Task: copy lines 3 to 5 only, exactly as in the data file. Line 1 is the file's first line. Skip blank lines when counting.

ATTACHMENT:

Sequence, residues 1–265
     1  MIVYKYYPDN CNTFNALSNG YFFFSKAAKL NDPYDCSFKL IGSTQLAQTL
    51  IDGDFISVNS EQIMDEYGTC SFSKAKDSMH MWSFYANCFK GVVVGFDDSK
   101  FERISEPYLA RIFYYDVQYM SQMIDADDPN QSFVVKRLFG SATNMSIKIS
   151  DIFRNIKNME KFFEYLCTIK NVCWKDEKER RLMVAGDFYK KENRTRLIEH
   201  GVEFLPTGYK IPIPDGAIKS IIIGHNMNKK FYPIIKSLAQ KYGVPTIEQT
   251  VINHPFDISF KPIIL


    51  IDGDFISVNS EQIMDEYGTC SFSKAKDSMH MWSFYANCFK GVVVGFDDSK
   101  FERISEPYLA RIFYYDVQYM SQMIDADDPN QSFVVKRLFG SATNMSIKIS
   151  DIFRNIKNME KFFEYLCTIK NVCWKDEKER RLMVAGDFYK KENRTRLIEH